A new paper published in the Journal of Economic Behavior and Organization (ungated version here; PDF) by Michele Belot (University of Edinburgh), Raymond Duch (Oxford) and Luis Miller (University of the Basque Country) looks to address this question. The authors conducted a series of classic economic experiments with three samples (one students only; one non-students only; and one comprising a mix of students and non-students), and compared the responses of the two groups (students and non-students).
The results suggest that there are substantial differences:
In all games, with the exception of the auction game, we find that students are significantly more likely to behave as selfish and rational individuals.
Starting with the dictator game, we find that 57 percent of the students donated nothing. In contrast, only 17 percent of our non-students donated nothing...
Turning to the binary trust game, we find that only 35 percent of our student trustors trust in comparison to 82 percent of non-student trustors...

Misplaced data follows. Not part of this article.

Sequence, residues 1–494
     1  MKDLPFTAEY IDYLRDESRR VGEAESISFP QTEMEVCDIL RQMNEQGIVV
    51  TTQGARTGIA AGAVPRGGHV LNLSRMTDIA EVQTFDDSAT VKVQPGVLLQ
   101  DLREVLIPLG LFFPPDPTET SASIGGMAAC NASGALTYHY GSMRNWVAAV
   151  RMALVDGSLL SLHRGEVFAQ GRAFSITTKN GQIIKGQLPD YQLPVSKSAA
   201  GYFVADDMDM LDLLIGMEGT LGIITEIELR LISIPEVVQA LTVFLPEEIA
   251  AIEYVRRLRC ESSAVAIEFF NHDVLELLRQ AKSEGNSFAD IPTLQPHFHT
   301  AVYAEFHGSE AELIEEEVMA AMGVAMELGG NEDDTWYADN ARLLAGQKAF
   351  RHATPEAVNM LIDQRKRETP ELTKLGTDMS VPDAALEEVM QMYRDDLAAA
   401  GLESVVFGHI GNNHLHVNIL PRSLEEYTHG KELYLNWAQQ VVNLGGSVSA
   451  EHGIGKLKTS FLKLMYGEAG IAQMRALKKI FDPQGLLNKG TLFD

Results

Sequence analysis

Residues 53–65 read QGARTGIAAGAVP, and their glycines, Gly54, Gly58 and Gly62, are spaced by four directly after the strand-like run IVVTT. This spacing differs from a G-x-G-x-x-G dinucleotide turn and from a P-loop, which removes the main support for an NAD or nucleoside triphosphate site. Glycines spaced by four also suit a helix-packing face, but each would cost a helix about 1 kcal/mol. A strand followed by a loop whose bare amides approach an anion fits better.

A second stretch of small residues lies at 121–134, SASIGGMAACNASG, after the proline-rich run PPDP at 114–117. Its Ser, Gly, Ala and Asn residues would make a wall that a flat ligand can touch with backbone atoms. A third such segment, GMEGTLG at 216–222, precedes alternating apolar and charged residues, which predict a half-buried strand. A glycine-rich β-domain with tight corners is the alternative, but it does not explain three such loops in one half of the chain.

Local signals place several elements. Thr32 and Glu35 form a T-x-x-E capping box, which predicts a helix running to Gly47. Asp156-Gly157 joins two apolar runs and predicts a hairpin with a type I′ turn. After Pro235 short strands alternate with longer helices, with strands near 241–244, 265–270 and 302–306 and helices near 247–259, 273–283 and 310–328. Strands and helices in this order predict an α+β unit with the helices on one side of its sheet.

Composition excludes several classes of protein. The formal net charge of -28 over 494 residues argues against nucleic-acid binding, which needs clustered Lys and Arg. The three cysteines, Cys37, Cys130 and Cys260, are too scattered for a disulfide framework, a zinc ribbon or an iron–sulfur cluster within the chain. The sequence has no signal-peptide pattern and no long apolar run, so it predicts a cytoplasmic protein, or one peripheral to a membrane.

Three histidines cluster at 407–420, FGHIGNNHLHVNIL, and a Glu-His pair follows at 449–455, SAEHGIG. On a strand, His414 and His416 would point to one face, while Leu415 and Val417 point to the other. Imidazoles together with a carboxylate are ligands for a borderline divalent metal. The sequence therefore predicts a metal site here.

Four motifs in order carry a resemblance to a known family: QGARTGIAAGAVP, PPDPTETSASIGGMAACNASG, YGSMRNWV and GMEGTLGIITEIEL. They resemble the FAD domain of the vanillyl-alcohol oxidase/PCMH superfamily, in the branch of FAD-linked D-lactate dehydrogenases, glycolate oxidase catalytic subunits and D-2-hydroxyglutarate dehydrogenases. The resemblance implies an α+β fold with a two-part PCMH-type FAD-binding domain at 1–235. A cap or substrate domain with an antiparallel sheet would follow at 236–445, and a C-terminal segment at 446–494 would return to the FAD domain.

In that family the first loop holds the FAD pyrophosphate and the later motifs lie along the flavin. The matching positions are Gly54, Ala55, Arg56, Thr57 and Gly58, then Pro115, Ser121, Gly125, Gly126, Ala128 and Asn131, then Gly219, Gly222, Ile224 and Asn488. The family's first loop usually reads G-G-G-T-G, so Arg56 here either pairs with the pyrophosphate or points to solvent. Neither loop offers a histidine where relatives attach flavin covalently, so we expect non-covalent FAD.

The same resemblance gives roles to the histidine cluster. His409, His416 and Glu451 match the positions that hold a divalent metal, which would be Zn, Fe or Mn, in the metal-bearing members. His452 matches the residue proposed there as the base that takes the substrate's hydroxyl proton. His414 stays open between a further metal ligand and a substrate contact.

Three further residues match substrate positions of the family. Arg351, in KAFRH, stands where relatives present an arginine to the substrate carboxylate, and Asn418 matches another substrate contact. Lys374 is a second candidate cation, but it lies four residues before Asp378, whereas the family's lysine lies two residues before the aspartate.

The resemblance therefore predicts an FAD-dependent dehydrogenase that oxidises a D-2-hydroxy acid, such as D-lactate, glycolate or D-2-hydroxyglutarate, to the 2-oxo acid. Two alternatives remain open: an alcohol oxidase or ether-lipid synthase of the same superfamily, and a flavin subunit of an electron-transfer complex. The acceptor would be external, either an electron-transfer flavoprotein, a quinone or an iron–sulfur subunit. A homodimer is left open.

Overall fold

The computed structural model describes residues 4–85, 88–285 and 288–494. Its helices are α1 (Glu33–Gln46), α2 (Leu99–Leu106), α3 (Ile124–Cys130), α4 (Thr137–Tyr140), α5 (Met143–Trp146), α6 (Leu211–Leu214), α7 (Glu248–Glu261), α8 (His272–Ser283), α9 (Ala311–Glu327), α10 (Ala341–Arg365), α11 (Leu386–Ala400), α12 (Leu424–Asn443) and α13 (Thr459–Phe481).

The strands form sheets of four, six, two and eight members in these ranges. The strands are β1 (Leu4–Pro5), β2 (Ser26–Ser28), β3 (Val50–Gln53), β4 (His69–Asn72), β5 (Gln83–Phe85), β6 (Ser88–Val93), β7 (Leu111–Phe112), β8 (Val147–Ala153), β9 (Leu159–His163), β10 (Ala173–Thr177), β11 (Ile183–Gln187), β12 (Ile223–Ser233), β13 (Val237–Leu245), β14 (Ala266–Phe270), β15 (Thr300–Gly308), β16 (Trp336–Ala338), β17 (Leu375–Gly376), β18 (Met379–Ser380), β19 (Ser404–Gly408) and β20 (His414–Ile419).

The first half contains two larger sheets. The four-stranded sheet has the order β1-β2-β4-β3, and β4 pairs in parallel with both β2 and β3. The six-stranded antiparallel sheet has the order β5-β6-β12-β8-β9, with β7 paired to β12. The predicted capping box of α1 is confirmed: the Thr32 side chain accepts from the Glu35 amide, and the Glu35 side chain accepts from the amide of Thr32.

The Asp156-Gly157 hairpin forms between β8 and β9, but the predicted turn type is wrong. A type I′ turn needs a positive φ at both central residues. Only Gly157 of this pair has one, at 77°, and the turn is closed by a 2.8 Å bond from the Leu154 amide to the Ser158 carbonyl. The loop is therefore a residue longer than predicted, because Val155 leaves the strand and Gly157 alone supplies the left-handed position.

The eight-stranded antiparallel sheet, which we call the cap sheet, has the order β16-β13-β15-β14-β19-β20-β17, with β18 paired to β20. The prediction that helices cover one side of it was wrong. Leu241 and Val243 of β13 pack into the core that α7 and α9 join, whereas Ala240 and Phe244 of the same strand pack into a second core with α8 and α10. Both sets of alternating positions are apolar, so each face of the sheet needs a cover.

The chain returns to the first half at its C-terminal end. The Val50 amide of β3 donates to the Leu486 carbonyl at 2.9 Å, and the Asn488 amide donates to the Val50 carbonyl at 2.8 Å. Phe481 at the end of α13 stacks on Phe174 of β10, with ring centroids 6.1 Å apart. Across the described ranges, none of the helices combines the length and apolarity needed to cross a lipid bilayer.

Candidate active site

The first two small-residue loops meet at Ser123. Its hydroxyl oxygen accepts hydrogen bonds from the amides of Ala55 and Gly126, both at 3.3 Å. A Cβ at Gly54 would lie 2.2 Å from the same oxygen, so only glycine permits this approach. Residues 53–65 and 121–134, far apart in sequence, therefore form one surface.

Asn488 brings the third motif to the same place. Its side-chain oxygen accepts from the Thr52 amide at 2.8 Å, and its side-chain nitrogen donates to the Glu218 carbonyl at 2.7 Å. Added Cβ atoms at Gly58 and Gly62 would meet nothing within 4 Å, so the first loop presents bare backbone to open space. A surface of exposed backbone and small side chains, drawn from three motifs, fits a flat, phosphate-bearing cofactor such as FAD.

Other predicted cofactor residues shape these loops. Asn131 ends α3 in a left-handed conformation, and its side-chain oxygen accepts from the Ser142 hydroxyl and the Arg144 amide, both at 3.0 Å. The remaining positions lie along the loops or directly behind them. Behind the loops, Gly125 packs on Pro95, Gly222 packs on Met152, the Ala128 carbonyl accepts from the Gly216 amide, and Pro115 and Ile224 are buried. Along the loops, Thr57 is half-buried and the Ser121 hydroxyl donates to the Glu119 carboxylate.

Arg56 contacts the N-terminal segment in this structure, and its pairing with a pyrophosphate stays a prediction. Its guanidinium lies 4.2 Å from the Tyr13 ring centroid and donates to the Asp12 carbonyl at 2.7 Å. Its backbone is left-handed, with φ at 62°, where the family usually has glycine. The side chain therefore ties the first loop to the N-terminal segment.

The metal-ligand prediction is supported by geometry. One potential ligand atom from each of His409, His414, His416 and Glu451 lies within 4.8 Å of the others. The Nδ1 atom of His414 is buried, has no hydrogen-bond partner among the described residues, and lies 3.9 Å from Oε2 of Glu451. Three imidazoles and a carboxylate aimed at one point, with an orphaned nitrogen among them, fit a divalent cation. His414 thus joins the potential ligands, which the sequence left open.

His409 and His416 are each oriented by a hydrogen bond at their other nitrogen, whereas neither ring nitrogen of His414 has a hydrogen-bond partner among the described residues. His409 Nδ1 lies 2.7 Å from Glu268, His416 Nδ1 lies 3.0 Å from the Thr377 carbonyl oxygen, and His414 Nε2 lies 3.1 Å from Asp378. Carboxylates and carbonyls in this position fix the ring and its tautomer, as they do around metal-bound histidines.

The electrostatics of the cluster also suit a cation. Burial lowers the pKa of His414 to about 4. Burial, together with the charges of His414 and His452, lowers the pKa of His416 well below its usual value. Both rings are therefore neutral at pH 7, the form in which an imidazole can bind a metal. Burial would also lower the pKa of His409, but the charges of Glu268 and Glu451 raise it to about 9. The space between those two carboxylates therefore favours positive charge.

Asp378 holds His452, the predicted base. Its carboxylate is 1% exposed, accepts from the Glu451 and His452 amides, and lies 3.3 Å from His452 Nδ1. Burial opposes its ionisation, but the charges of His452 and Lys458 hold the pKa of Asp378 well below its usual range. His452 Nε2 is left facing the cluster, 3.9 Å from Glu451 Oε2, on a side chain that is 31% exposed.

We also find significant differences in the rates of reciprocation: 56% of the student population and 87% of the non-student population reciprocated...
Our third game involving other-regarding preferences is the public good game... students are considerably more likely to free-ride: in the first round of the public goods game, 24 percent of the students contributed nothing to the public good while only 9 percent of the non-students were strictly non-cooperative.
Turning to the beauty contest game... Thirty percent of our non-student subjects made choices consistent with at least level 1 iterative reasoning compared to 56 percent for the student subjects.Without going into detail about the experiments themselves (you can read about the dictator game here; the trust game here, the public good game here, and the beauty contest here), it demonstrates that students are more selfish (less other-regarding) and more rational decision-makers. The authors do note that "students are younger and smarter" than non-students, but the results persist even after controlling for cognitive ability, age and gender.
The results should give pause before we draw grand conclusions on the basis of laboratory experiment results. However, as the authors (and others) have suggested, laboratory experiments may still be useful for identifying qualitative effects. For example, they may tell us whether threat of punishment will induce less free-riding in the public goods game, but won't give robust information about how much less free-riding there will be.
[Update: Added in some links that I had forgotten to add first time!]